Reservoir Information

Oil and gas reservoirs are the second level of data included in the Significant Oil and Gas Fields of the United States Database

A reservoir in the database is typically a single continuous pool within a producing formation. Primarily in the Gulf Coast Cenozoic (both onshore and offshore), database reservoirs can also be reservoir suites, that is two or more pools (sand bodies) in the same chrono-stratigraphic unit with no substantial vertical separation among them or with horizontal separation by sealing faults.

Database reservoirs are identified by the combination of our unique field code (the NRGID), the geologic age rank of the reservoir within its respective field, and its producing formation code. We use a standardized and expanded formation code system, standardized to facilitate aggregations and distributions of reservoir data by formation and expanded to facilitate the creation of digitized stratigraphic columns. As part of the standardization process, all local and idiosyncratic formation names have been replaced by their scientific-professional equivalent.

Four main types of reservoir information

Rock and Fluid Characteristics – Reservoir identification, volumetric, other rock, and fluids

Production and Size – Histories of production and size by product and BOE, original oil-in-place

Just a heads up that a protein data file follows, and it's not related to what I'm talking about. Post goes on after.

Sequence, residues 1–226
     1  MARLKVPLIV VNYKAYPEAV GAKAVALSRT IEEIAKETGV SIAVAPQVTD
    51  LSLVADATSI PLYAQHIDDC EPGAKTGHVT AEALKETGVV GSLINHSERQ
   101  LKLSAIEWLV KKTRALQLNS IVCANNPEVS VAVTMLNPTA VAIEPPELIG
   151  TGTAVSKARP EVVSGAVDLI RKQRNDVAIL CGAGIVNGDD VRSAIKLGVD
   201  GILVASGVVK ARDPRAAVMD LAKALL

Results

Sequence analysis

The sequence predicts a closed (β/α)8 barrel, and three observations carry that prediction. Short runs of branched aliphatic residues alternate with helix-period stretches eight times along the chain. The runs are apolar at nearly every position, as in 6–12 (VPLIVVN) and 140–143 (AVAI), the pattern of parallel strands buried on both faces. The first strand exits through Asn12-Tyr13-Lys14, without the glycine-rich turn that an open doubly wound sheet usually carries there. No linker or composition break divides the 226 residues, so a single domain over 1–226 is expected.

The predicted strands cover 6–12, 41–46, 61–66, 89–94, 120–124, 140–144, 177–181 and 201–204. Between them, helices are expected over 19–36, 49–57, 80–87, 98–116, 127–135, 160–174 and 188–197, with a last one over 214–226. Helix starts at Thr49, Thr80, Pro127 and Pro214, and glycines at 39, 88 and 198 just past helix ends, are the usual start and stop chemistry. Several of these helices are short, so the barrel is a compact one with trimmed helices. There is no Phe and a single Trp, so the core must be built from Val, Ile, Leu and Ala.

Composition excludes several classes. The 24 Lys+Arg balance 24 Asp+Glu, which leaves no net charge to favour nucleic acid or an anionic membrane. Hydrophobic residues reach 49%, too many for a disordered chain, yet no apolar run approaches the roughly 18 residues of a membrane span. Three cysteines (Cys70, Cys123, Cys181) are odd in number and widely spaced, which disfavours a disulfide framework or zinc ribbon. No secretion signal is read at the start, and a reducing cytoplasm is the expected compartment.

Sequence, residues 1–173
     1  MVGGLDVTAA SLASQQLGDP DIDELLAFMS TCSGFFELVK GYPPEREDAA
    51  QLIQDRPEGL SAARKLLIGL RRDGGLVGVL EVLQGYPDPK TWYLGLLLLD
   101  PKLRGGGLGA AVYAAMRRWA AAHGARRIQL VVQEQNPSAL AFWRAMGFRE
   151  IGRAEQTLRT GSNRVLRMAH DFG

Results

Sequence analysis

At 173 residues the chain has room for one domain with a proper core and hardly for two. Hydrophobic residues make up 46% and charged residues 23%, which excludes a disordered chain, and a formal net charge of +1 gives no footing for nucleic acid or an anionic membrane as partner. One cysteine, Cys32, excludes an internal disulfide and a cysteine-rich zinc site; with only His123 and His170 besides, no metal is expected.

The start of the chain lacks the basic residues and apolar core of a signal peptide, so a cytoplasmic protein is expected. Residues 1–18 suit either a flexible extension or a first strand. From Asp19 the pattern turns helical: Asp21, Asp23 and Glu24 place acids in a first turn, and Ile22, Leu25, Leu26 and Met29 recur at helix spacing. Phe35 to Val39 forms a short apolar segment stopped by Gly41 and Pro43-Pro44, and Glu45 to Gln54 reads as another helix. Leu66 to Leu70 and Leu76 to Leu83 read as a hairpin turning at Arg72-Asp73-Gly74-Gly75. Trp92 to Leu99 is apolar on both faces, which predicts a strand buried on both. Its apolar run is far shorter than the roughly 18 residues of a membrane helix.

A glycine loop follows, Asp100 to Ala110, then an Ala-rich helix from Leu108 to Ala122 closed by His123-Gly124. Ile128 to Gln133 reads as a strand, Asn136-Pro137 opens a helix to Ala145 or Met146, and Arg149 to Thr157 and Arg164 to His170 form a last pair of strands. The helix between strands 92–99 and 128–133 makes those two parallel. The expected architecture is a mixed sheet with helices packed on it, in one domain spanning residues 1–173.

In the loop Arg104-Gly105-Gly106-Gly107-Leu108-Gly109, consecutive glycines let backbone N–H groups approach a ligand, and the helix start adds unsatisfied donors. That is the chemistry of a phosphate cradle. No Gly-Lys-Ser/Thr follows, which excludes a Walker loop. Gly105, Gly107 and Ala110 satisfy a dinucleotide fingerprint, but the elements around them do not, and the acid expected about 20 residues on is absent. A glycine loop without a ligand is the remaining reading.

Discovery Well – Well identification and specification of who drilled it, where and when it was drilled, and the results of this drilling

Post-Primary Recovery Methods – For oil reservoirs only

This reservoir data is combined with the general field information table to create the Reservoir Master Table (RMASTER). This table is designed to facilitate a broad variety of reservoir retrievals.

primary uses of reservoir information

An expanded list of each of these uses is provided in Retrieval Possibilities

The KnowNow retrieval system included with the field and reservoir database provides many variations of each of these primary uses


The first shows the spatial distribution of thickness by reservoir in the Gulf of Mexico Upper Pliocene Progradational Gas play. The second shows a cross-plot of average porosity and depth to top in the same play.

Spatial Thickness Distribution by Reservoir, GOM Upper Pliocene Progradational Gas Play

GOM Upper Pliocene Progradational Gas Play Depth at Top VS Average Porosity